Santiago Schnell

Santiago Schnell

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Dr. Schnell works at the interface between biophysical chemistry, mathematical and computational biology, and pathophysiology. As an independent scientist, his primary research interest is to use mathematical, computational and statistical methods to design or select optimal procedures and experiments, and to provide maximum information by analyzing biochemical data. His laboratory deals with the following topics:

(i) Development and implementation of mathematical, computational, and statistical methods to identify and characterize reaction mechanisms.

(ii) Investigate and test performance design of experiments or standards to quantify, interpret and analyze biochemical data.

(iii) Development of new algorithms and software to analyze biochemical data.

The key objective of my research is to create suitable standards and appropriate support of standards leading to reproducible results in the biochemical sciences. Reproducibility is central to scientific credibility. Meta-research has repeatedly shown that accurate reporting and sound peer-review do not by themselves guarantee the reproducibility of scientific results. One of the leading causes of poor reproducibility is limited research efforts in quantitative biology and chemometrics. In my laboratory, we are developing new ways to assess the reproducibility of quantitative findings in the biochemical sciences.

As a team scientist, Dr. Schnell’s research interest is to investigate complex biomedical systems comprising many interacting components, where modeling and theory may aid in the identification of the key mechanisms underlying the behavior of the system as a whole. His collaborators are primarily basic scientists who focus on the identification of molecular, biochemical or developmental mechanisms associated with diseases. To this end, Dr. Schnell’s expertise plays a central role in the identification of these mechanisms. Using mathematical and computational models, Dr. Schnell can formulate several hypothetical model mechanisms in parallel, which are compared with independent experimental data used to construct the models. The resulting comparisons are then independent between models, and any models that satisfy statistical measures of similarity will be used to make predictions, which will be tested experimentally by his collaborators. The model validated by the experiments will be considered the mechanism capable of explaining the behavior of the systems.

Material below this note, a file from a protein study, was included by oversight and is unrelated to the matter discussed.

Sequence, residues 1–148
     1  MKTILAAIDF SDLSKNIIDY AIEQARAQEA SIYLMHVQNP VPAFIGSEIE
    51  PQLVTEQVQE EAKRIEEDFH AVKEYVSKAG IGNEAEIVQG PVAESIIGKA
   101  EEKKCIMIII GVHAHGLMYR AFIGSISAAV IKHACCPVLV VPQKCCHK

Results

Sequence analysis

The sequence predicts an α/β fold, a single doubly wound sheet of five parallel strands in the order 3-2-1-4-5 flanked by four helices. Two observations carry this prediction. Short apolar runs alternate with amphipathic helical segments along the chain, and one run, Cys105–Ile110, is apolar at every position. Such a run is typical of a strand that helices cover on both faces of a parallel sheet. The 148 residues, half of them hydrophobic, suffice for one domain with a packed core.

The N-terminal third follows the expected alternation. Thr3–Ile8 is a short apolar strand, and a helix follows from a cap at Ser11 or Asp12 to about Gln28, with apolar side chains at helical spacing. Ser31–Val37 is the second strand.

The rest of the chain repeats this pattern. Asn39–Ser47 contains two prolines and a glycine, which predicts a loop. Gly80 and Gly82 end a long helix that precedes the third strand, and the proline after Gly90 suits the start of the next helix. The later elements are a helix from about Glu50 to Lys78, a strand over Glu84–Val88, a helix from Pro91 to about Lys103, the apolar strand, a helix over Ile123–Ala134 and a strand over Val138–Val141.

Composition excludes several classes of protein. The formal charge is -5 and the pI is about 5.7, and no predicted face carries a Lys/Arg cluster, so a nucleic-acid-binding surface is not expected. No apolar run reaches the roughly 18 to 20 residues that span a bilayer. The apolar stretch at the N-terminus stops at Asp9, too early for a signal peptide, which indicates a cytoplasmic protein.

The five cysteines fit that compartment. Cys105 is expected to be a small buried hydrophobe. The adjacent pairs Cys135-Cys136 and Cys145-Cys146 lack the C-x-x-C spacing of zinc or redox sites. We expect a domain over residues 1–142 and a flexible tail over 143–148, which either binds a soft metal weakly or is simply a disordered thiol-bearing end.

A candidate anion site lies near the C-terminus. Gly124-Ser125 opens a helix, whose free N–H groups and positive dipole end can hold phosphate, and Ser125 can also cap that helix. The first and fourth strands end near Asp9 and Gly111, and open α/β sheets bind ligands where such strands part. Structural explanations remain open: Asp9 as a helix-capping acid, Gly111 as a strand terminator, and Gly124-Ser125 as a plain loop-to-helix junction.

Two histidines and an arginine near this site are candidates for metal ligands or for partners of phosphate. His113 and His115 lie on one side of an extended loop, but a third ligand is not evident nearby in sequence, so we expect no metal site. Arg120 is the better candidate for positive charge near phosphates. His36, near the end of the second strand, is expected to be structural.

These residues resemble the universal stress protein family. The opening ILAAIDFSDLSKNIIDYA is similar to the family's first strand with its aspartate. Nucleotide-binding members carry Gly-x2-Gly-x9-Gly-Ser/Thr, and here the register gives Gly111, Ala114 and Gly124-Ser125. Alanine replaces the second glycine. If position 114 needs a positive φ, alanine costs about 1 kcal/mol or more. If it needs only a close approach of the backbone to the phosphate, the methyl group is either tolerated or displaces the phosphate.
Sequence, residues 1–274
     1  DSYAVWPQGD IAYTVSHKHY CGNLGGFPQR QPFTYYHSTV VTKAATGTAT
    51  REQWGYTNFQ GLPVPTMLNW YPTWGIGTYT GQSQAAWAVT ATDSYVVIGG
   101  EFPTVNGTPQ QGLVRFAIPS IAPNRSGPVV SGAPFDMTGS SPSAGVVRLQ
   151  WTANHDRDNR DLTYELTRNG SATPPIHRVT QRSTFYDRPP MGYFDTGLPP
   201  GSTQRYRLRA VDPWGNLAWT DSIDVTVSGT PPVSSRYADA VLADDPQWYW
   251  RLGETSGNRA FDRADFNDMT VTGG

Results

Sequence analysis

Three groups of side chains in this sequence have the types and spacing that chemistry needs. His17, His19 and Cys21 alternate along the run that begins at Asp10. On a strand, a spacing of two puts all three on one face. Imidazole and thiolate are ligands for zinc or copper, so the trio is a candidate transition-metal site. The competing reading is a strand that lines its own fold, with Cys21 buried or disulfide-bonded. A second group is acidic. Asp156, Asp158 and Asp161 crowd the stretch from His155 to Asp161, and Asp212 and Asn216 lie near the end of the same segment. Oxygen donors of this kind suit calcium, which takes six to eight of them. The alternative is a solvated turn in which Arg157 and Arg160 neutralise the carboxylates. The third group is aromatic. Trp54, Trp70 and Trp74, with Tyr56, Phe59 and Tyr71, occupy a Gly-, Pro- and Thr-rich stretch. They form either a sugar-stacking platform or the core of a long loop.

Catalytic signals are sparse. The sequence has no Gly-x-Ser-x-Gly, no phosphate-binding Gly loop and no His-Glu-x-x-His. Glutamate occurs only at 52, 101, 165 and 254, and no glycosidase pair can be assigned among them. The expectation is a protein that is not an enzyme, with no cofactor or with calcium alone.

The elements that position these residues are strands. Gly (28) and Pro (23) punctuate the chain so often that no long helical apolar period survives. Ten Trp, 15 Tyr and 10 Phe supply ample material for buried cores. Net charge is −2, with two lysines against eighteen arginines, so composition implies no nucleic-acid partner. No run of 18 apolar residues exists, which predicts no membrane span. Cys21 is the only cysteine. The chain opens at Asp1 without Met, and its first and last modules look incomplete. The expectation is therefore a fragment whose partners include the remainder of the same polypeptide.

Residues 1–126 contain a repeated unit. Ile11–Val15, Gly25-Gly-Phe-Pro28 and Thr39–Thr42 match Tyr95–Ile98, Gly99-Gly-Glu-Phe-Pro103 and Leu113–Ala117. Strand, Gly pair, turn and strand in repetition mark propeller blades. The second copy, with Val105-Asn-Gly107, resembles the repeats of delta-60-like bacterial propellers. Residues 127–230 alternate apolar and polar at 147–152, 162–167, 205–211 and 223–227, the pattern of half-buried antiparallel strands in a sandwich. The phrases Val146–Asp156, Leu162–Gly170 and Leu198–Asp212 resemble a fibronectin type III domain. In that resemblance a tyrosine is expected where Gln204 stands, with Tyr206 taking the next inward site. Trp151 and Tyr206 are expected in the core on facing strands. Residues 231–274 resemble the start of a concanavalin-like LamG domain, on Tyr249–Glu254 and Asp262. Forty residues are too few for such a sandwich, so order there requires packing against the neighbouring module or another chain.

IssamElNaqa

Issam El Naqa

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Our lab’s research interests are in the areas of oncology bioinformatics, multimodality image analysis, and treatment outcome modeling. We operate at the interface of physics, biology, and engineering with the primary motivation to design and develop novel approaches to unravel cancer patients’ response to chemoradiotherapy treatment by integrating physical, biological, and imaging information into advanced mathematical models using combined top-bottom and bottom-top approaches that apply techniques of machine learning and complex systems analysis to first principles and evaluating their performance in clinical and preclinical data. These models could be then used to personalize cancer patients’ chemoradiotherapy treatment based on predicted benefit/risk and help understand the underlying biological response to disease. These research interests are divided into the following themes:

  • Bioinformatics: design and develop large-scale datamining methods and software tools to identify robust biomarkers (-omics) of chemoradiotherapy treatment outcomes from clinical and preclinical data.
  • Multimodality image-guided targeting and adaptive radiotherapy: design and develop hardware tools and software algorithms for multimodality image analysis and understanding, feature extraction for outcome prediction (radiomics), real-time treatment optimization and targeting.
  • Radiobiology: design and develop predictive models of tumor and normal tissue response to radiotherapy. Investigate the application of these methods to develop therapeutic interventions for protection of normal tissue toxicities.
Machine Learning in Radiation Oncology: Theory and Applications

Machine Learning in Radiation Oncology: Theory and Applications